“Library staff are using gloves to handle returned items and washing their hands before and after touching the books, magazines, CDs and DVDs that are returned.”

Since America has transitioned into virtual schooling, so are libraries. You can use your library card to borrow eBooks that can be accessed on your phone with the internet. All you have to do is download the app cloudLibrary and sign in. If you have a Columbia Heights library card, you will want to choose “Anoka County Library”,  then follow the simple steps to completing the sign-in process. 

Don’t remember your library card ID? Look on the back of your library card, and underneath the barcode is your ID. Don’t know the last time you saw your library card? Library staff are just a phone call away at 763-706-3690. 

The app will show you what you have borrowed, holds, saved, and current reads. This online library provides you with access to hundreds of resources right at your fingertips. 

“People without a library card can sign up by calling or emailing the library,” Dougherty said. “We will send a card out in the mail, and give you the barcode on the phone, so that you can immediately start accessing the electronic resources described above.”

If you have any questions please reach out to the library as they are still open for calls 9:00 a.m. to 5:00 p.m. on weekdays. In addition, more plans are in the works if the library is to remain closed past May 4.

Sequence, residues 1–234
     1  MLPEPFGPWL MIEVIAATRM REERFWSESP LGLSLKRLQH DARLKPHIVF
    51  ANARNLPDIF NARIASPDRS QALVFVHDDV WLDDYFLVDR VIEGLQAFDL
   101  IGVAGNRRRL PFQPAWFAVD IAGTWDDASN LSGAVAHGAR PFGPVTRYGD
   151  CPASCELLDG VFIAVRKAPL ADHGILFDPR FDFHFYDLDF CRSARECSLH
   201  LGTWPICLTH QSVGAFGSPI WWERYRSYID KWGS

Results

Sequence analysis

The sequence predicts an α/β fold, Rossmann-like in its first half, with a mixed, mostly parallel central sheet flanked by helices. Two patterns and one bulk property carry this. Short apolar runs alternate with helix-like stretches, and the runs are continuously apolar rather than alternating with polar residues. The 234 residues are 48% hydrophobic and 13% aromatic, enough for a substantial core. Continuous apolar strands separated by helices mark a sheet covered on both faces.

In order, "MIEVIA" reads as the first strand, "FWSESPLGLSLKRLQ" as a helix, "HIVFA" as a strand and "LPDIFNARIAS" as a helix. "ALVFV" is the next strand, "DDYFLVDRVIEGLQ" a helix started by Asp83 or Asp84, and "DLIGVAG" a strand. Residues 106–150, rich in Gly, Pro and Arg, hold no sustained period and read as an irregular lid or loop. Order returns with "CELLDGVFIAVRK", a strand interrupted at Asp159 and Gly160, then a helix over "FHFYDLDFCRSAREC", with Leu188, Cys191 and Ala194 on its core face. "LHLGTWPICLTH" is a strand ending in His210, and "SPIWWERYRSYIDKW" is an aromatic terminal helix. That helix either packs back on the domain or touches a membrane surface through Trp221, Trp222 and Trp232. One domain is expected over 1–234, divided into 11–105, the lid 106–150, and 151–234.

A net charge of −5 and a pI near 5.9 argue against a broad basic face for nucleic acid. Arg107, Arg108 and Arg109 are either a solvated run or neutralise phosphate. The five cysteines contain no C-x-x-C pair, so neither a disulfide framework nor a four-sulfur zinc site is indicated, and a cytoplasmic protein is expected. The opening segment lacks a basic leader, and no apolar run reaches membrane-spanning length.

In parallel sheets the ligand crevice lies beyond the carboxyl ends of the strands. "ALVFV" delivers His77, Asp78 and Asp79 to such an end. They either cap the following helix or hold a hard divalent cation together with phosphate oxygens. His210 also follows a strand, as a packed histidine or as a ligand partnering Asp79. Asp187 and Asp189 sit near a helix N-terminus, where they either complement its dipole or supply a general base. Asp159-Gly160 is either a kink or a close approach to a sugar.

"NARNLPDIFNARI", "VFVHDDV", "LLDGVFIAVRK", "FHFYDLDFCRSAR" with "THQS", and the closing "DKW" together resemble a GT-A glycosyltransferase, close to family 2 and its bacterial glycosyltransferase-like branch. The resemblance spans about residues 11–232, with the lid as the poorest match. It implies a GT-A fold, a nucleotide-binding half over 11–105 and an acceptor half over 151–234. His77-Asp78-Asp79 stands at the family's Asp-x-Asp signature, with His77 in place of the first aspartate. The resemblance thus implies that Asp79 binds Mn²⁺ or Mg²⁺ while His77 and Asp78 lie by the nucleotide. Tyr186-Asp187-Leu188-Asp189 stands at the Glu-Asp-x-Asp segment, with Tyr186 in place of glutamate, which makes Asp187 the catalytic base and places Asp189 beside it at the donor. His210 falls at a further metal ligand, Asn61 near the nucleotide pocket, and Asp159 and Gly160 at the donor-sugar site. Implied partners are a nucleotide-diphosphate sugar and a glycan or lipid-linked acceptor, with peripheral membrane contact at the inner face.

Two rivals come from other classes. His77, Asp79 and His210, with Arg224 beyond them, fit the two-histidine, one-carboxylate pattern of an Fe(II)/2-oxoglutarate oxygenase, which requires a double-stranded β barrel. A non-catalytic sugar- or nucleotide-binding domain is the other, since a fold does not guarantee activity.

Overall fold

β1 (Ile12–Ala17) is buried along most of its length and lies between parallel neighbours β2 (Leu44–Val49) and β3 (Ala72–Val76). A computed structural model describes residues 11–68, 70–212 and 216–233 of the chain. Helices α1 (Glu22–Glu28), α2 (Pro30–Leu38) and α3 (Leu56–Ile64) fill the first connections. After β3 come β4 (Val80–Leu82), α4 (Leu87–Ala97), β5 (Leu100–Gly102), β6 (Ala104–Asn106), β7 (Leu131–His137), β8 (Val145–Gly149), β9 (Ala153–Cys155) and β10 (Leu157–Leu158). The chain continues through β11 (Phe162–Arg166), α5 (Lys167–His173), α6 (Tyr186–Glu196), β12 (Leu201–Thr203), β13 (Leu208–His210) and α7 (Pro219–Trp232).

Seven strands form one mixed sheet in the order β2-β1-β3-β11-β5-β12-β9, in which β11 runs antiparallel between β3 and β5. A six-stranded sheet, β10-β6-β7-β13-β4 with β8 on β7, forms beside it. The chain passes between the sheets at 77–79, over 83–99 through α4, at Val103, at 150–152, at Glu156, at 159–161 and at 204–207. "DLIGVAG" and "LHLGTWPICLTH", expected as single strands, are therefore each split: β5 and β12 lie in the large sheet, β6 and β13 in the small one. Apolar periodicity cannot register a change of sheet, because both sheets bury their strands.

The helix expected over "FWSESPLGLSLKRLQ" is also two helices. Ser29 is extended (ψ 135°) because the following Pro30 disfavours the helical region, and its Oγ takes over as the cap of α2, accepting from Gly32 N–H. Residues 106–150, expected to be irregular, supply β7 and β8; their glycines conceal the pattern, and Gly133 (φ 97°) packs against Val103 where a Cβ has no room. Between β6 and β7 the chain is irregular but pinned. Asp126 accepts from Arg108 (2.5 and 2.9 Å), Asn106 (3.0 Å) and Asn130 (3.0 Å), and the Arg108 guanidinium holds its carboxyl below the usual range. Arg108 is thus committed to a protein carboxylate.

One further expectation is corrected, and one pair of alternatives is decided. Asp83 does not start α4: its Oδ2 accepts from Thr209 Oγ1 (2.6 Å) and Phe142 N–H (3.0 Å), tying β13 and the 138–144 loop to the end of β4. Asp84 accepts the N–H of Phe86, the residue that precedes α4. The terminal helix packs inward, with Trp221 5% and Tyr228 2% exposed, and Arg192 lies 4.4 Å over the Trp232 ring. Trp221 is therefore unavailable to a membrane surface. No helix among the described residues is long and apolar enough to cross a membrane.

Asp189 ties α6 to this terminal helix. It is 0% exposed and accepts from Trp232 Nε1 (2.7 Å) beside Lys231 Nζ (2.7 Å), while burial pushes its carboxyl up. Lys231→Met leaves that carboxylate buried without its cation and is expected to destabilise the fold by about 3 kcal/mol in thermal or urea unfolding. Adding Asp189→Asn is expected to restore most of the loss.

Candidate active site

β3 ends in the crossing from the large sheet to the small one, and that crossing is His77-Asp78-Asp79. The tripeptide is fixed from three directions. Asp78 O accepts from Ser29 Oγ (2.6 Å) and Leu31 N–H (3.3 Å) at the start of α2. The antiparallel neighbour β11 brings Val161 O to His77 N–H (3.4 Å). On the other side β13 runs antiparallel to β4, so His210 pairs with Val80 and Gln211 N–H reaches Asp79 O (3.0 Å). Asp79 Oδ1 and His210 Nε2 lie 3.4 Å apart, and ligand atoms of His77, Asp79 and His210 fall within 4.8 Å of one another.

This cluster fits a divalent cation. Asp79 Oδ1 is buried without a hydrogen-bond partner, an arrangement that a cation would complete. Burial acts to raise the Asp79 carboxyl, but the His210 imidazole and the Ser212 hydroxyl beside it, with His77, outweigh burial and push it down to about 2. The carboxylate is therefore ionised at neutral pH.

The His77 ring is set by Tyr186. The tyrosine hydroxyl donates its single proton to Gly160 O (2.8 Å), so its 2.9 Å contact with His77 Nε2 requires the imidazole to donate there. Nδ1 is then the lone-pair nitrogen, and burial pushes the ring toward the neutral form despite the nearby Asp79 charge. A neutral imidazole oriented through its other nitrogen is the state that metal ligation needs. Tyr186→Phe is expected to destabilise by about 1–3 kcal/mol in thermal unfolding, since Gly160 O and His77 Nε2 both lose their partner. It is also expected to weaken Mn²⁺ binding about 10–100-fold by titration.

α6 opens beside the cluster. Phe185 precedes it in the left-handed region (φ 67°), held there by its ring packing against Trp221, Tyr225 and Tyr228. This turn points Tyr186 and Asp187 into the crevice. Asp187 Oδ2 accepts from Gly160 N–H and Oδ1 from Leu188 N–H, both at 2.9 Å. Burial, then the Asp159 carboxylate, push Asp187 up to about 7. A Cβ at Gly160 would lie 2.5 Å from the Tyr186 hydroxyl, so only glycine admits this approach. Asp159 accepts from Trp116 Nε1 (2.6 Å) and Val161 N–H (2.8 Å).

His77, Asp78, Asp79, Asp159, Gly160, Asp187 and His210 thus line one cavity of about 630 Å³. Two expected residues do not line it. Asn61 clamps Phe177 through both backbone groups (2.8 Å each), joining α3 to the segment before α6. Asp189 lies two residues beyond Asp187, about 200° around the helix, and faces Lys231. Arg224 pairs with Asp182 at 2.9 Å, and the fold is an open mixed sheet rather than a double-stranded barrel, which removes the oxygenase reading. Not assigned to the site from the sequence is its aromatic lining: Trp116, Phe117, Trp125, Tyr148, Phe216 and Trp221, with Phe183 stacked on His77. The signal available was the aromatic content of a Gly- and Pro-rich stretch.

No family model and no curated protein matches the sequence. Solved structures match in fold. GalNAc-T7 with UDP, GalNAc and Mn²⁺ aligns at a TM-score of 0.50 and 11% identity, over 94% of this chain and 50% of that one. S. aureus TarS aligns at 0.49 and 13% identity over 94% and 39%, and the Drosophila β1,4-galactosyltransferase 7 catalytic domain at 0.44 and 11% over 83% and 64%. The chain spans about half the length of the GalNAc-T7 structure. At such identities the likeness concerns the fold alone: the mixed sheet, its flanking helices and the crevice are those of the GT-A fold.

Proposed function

“We are learning how to offer some programs virtually,” Dougherty said. “We look forward to welcoming people back to the building when we can safely reopen. We want to hear from you if there are things the community needs.”

Beginning on April 13, the library began offering curbside pick-up of holds. Anoka County Library is now offering curbside pickup at three of eight branches. 

“I know it seems like such a minor thing with everything happening, but the ability to read books & looking forward to books is helping me survive,” Melina Parker (12) said.

Thanks to the rapid responsiveness of Information Technology staff, the library received two additional wifi access points to boost the wireless internet signal outside of the building. The wifi signal is now strongest on the grassy area behind the community room and in the staff parking area near the book return.